Diabetes drug can raise heart disease risk by 25%
A study found that those taking Avandia were 23% more likely to suffer congestive heart failure.
London: Diabetes drug Avandia, which has been used by at least 50,000 people in Britain, increases the risk of heart disease by 23 percent and the risk of death by 14 percent.
A study of 810,000 people found that those taking Avandia were 23 percent more likely to suffer congestive heart failure and 14 percent more likely to die, compared to a similar medication.
In addition, they were 16 percent more likely to have a heart attack, the British Medical Journal reports.
Last September, the European Medicines Agency (EMA) suspended the licence for the drug after 10 years on the market, saying the evidence of its harmful effects had tipped the balance against it being prescribed, according to the Telegraph.
The latest study is further evidence supporting that decision. It analysed the results of 16 separate studies in 810,000 patients, of which 429,000 were on Avandia -- also known by its generic name rosiglitazone, and 381,000 who were on Actos -- also known as pioglitazone. Most were over the age of 60.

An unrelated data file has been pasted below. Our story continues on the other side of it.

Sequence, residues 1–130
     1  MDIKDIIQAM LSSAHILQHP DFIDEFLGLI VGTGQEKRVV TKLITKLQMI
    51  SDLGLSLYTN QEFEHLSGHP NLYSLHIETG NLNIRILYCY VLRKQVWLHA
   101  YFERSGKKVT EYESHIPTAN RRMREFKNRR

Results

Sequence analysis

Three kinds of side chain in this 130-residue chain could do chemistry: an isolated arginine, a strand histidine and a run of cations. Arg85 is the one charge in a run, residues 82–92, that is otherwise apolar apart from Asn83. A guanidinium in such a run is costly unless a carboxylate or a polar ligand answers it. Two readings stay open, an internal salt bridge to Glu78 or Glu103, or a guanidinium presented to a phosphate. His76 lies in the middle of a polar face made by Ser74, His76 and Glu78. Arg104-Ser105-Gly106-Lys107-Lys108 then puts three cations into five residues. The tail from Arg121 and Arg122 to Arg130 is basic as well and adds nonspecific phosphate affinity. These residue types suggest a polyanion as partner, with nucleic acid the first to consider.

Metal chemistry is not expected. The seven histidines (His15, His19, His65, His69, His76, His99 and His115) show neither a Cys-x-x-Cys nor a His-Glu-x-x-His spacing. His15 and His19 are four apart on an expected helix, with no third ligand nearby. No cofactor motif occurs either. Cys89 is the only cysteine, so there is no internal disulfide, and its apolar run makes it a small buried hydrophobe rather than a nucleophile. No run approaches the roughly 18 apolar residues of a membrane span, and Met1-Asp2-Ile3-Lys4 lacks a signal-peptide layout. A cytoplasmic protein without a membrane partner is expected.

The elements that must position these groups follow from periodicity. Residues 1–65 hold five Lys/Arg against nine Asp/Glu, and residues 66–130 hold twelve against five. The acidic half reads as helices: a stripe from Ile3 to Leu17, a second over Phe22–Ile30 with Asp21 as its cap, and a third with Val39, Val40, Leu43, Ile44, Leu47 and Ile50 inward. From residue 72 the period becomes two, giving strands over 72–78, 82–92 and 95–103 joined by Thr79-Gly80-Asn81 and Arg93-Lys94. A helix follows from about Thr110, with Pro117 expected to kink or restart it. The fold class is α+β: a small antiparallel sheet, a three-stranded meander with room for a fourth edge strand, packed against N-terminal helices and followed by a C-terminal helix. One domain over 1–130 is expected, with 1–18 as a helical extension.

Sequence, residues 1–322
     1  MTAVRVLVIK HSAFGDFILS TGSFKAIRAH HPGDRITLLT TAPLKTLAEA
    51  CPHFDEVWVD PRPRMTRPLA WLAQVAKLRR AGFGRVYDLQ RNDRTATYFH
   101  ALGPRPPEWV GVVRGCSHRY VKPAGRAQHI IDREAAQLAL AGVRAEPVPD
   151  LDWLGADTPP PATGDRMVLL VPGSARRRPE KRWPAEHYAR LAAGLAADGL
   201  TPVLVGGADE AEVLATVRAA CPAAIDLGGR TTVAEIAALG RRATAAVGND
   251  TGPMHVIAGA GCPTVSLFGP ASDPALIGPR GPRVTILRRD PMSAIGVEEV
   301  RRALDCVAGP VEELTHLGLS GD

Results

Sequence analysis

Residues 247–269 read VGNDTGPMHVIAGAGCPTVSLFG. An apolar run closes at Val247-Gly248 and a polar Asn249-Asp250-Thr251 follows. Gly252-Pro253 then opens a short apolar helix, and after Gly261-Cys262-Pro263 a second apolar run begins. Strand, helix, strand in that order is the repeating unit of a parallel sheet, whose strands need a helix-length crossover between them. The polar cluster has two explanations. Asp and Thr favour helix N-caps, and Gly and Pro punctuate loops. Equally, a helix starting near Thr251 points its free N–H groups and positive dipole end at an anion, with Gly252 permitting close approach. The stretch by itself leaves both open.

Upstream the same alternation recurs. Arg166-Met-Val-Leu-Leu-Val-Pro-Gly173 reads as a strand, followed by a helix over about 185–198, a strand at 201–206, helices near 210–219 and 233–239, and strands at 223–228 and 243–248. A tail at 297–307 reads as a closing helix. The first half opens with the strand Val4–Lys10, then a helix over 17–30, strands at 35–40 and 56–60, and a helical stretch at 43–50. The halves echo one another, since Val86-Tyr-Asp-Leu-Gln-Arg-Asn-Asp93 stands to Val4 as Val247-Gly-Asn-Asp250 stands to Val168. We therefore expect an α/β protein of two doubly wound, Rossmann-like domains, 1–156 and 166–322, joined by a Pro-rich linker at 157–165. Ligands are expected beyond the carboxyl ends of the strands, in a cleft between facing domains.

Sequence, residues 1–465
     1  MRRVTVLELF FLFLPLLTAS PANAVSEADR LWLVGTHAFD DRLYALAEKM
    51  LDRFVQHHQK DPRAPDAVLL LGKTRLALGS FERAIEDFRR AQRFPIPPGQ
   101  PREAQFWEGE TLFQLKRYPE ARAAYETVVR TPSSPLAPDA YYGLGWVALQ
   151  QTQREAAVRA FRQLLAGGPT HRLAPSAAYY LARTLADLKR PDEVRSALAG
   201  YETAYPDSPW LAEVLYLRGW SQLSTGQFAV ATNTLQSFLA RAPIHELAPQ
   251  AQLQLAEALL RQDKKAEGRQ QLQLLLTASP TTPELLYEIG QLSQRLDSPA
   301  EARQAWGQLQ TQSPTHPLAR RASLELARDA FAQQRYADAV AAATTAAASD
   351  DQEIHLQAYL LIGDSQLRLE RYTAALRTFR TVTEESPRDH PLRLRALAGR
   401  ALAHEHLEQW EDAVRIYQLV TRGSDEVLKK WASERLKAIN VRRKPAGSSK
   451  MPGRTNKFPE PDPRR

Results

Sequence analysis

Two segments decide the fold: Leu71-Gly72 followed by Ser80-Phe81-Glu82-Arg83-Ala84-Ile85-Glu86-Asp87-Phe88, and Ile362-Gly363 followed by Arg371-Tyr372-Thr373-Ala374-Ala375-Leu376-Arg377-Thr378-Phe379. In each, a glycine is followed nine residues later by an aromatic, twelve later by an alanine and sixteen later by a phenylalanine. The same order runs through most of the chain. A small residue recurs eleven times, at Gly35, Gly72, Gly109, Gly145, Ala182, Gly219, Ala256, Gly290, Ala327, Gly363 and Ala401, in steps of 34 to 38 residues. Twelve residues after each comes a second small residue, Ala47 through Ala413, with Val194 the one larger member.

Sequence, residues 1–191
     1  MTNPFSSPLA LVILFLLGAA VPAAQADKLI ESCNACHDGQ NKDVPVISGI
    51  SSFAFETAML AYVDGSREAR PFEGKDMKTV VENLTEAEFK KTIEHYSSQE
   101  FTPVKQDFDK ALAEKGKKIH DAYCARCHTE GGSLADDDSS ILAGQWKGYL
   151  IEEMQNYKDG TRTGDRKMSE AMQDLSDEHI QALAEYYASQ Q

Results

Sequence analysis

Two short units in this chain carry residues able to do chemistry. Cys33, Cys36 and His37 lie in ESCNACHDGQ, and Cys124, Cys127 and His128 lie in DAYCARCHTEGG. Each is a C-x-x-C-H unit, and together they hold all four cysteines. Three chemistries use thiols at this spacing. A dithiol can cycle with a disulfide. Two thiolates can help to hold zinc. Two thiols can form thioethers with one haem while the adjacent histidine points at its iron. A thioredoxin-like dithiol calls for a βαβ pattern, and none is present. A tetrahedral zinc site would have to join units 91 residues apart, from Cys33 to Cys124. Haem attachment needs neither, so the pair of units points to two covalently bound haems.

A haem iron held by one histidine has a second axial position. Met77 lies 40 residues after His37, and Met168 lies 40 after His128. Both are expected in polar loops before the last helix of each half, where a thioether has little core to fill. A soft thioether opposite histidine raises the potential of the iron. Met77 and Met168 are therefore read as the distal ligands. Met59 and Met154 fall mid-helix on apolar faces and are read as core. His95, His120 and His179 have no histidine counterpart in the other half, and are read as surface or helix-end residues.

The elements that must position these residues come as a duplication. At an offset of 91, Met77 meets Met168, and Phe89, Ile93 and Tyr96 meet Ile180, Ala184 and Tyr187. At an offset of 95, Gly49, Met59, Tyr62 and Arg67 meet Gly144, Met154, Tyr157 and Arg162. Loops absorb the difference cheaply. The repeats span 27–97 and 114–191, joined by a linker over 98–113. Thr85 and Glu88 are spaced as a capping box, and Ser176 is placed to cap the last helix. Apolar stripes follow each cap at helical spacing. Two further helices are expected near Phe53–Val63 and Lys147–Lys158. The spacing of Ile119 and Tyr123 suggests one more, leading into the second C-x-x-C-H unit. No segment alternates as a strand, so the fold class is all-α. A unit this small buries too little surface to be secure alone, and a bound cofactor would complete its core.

The drugs belong to a class that help control blood sugar levels in patients with Type 2 diabetes.
It found that Avandia could have led to an extra 431 deaths per 100,000 people, an extra 170 heart attacks and an extra 649 cases of heart failure.
University of East Anglia pharmacology lecturer Yoon Kong Loke, who led the study, warned that although the drug had been withdrawn in Britain, patients could still be affected by it.